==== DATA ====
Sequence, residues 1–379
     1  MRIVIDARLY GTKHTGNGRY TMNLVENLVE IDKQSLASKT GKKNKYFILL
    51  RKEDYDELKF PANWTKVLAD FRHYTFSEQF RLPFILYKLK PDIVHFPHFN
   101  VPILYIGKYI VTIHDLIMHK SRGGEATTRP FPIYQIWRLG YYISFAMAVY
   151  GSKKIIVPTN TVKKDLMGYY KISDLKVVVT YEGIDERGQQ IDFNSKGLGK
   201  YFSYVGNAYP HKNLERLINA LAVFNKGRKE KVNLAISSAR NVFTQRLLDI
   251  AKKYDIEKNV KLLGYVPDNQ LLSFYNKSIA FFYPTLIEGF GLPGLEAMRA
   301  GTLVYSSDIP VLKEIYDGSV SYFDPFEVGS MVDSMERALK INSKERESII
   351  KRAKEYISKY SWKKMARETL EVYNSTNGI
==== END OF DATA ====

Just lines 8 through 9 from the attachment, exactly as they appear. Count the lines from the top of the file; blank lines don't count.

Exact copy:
   301  GTLVYSSDIP VLKEIYDGSV SYFDPFEVGS MVDSMERALK INSKERESII
   351  KRAKEYISKY SWKKMARETL EVYNSTNGI